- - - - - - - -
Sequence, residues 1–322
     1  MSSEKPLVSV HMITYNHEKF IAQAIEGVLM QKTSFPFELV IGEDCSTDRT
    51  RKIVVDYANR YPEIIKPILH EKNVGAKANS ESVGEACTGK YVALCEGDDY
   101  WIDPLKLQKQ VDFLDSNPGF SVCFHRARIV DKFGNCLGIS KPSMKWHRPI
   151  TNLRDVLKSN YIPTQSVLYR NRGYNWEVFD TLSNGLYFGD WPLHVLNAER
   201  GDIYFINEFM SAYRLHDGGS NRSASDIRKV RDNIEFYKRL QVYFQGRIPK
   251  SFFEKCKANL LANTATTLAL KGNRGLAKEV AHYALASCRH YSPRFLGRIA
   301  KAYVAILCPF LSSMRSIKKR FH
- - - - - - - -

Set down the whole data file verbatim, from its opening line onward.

Sequence, residues 1–322
     1  MSSEKPLVSV HMITYNHEKF IAQAIEGVLM QKTSFPFELV IGEDCSTDRT
    51  RKIVVDYANR YPEIIKPILH EKNVGAKANS ESVGEACTGK YVALCEGDDY
   101  WIDPLKLQKQ VDFLDSNPGF SVCFHRARIV DKFGNCLGIS KPSMKWHRPI
   151  TNLRDVLKSN YIPTQSVLYR NRGYNWEVFD TLSNGLYFGD WPLHVLNAER
   201  GDIYFINEFM SAYRLHDGGS NRSASDIRKV RDNIEFYKRL QVYFQGRIPK
   251  SFFEKCKANL LANTATTLAL KGNRGLAKEV AHYALASCRH YSPRFLGRIA
   301  KAYVAILCPF LSSMRSIKKR FH